The second issue of Building Peace, slated for release in late September, will focus on conflict prevention. We would like to give you a preview of what will be in that issue by announcing a project, recently launched by the Alliance for Peacebuilding (AfP), James Madison University (JMU), and the United States Institute of Peace (USIP) designed to help deal with situations that arise after we fail to prevent conflict from turning violent.
Many of the issues that arise in conflict prevention and in post conflict transformation environments are similar in that failure in effectively ending conflict can pave the way to the breakout of further—and often more violent—conflict down the line., There is a growing consensus among most people who deal with violent conflict that our traditional approaches to peace and security are at a turning point. On the one hand, our responses to crises in Iraq, Afghanistan, and other hotspots around the world have not enjoyed much success, in part because they have failed to take the many and interdependent causes and consequences of disputes into account either before or after they broke out into violence. On the other hand, we increasingly realize that greater cooperation among governments and civil society is necessary for effective policy responses to contemporary conflict. The difficulties inherent in this cooperation require the development of creative tools that enhance new and complementary capabilities among stakeholders.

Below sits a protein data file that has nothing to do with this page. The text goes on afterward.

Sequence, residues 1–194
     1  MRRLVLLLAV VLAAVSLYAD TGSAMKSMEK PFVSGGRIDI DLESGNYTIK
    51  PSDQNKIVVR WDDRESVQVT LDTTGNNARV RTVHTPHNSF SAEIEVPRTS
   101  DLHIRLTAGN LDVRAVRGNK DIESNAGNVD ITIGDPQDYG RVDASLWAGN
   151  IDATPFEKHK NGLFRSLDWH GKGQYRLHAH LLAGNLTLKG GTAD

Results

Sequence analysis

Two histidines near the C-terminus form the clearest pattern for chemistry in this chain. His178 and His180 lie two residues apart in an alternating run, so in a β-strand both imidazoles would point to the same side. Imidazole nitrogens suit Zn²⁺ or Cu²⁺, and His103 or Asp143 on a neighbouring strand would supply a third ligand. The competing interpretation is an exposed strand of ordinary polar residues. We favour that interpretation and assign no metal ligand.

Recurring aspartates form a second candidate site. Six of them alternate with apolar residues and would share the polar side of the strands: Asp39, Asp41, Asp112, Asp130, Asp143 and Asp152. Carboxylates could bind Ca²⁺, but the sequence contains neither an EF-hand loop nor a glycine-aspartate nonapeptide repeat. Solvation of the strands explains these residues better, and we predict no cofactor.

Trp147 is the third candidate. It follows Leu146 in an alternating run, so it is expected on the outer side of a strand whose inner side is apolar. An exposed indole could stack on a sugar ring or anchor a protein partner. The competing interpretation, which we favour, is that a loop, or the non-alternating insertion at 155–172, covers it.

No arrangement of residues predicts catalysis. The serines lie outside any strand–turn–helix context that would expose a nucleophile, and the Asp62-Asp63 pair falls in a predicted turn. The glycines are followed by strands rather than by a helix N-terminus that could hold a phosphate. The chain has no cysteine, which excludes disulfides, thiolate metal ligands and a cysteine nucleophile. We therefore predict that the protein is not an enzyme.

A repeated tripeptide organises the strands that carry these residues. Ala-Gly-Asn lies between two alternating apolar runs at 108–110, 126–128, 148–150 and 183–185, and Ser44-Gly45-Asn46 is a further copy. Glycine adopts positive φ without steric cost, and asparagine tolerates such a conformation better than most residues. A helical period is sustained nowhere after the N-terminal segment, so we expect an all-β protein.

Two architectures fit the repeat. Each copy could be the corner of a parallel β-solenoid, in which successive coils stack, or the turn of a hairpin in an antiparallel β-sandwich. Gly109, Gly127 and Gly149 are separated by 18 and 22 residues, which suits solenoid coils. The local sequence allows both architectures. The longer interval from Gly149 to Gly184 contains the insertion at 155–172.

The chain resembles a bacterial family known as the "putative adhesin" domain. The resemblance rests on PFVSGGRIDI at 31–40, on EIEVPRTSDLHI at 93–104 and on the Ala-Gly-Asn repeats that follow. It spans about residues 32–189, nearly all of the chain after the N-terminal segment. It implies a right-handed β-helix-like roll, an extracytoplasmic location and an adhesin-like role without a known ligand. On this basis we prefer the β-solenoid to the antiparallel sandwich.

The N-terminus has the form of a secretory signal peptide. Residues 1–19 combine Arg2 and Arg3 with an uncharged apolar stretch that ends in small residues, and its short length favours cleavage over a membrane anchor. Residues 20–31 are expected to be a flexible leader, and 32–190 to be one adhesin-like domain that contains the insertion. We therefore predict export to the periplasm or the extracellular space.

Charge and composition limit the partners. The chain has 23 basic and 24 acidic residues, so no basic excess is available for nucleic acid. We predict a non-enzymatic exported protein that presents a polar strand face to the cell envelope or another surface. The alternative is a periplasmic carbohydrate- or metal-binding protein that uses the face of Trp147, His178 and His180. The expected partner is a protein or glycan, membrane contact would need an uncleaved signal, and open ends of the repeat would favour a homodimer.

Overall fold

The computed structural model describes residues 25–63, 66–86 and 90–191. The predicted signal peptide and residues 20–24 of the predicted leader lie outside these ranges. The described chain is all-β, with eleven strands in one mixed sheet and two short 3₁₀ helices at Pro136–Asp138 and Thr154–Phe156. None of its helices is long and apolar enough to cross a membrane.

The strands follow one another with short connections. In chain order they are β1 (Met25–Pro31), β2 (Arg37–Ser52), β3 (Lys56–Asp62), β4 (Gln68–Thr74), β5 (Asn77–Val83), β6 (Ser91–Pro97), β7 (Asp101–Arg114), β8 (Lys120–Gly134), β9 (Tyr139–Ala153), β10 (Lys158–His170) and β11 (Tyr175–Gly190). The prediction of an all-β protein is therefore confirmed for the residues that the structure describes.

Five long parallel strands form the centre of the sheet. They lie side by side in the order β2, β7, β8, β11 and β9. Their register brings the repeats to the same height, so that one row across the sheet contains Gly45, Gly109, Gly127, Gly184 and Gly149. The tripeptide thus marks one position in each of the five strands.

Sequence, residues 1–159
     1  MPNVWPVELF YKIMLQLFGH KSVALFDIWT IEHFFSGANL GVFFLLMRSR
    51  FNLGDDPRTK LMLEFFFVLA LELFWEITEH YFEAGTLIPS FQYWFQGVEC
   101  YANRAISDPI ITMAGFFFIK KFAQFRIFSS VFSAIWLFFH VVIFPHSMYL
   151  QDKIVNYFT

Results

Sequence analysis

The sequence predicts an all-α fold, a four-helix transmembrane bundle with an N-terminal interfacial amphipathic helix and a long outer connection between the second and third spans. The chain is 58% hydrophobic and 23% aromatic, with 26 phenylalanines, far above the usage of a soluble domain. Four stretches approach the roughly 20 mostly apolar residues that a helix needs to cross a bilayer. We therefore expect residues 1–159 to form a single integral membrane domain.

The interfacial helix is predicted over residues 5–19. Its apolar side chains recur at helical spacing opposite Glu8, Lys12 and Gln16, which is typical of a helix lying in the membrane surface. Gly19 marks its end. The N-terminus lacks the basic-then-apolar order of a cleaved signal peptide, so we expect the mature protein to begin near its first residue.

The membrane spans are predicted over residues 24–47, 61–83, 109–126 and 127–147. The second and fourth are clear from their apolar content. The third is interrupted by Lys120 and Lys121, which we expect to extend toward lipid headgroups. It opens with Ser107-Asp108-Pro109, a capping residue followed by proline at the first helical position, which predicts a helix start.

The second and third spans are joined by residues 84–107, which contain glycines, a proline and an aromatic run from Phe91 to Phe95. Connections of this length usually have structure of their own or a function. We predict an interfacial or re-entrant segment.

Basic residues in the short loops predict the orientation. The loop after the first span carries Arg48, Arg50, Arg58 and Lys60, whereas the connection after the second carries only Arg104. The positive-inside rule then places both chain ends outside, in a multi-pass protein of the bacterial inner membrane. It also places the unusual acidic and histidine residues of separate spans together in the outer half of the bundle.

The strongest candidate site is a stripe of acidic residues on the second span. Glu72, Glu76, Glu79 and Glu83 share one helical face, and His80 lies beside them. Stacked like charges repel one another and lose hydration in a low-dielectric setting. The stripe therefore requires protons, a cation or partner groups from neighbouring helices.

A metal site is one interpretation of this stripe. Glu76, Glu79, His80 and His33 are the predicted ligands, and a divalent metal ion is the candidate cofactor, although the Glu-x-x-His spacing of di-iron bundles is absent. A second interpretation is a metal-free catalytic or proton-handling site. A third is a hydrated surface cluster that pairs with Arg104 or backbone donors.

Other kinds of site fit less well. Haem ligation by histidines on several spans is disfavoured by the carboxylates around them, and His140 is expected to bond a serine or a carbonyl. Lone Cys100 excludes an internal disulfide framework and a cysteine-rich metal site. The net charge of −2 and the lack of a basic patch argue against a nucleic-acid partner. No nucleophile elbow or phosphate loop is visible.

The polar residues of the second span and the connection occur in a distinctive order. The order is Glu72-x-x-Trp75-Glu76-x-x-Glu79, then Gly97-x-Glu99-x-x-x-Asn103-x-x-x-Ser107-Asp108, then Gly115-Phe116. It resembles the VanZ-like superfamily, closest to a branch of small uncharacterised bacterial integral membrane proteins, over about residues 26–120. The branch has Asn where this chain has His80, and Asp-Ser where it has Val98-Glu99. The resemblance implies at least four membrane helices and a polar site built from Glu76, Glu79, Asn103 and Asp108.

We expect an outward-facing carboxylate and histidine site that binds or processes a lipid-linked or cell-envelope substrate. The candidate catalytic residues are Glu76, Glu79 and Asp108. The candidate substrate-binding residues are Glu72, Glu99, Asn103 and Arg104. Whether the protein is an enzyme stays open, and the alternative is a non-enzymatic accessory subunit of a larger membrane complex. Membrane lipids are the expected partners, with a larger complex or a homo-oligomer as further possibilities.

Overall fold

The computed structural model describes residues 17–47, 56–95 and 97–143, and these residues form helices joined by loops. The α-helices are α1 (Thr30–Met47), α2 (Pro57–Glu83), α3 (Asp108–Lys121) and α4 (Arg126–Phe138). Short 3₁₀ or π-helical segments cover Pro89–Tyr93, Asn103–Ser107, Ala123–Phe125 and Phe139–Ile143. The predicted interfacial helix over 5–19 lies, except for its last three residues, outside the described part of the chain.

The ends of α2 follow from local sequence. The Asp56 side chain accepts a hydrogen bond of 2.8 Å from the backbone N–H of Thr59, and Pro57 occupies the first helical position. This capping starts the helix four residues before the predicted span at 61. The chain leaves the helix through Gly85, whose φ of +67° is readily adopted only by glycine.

We are encouraged by a series of new initiatives in the post-Afghanistan, post-Iraq era that increasingly view conflict prevention and post-conflict transformation together through a common lens. The military is looking to more comprehensive operations that include conflict termination, security cooperation, and conflict prevention rather than just war-fighting. The State Department, in turn, is increasing its focus on the prevention of mass atrocities and new priorities of conflict prevention and diplomacy in a time of fundamental changes in governance in the Middle East, Africa, and elsewhere. Further, the peacebuilding, development, and civil society communities are working in much greater proximity to both the military and the diplomatic community in more collaborative ways across a widening spectrum of peace and conflict activities.
Unfortunately, the realization that we should work together does not mean that we have been able to do so, which is why we have begun this project. Comprised of experts from the academic, peacebuilding, national security, public policy, and international communities, the JMU-AfP-USIP Conflict Transformation Standing Workgroup brings together individuals with expertise in all three “D’s” (defense, diplomacy, and development) who do not have a significant track record of working together. In its work, the group will pursue five overlapping goals:
- Expand the discussion among diverse groups on the various aspects of conflict transformation,
- Connect thought leaders so that they can expand interagency/cross organizational efforts that foster stability and reduce the likelihood of further outbreaks of violence in the medium- to long-term.
- Define new tools for strategic planning in transition management and peace building with an emphasis on inclusion, learning, adaption, and collaboration.
- Create tools for analyzing the complexity of conflict transformation by identifying common issues that arise in conflict situations while appreciating the specific circumstances that must be taken into account when defining goals and objectives on the ground.
- Establish new and enduring communities of practice to transform the way public and private sector actors formulate and implement policy in post-conflict settings.
Stay tuned for future developments and updates. For more information, contact email@example.com.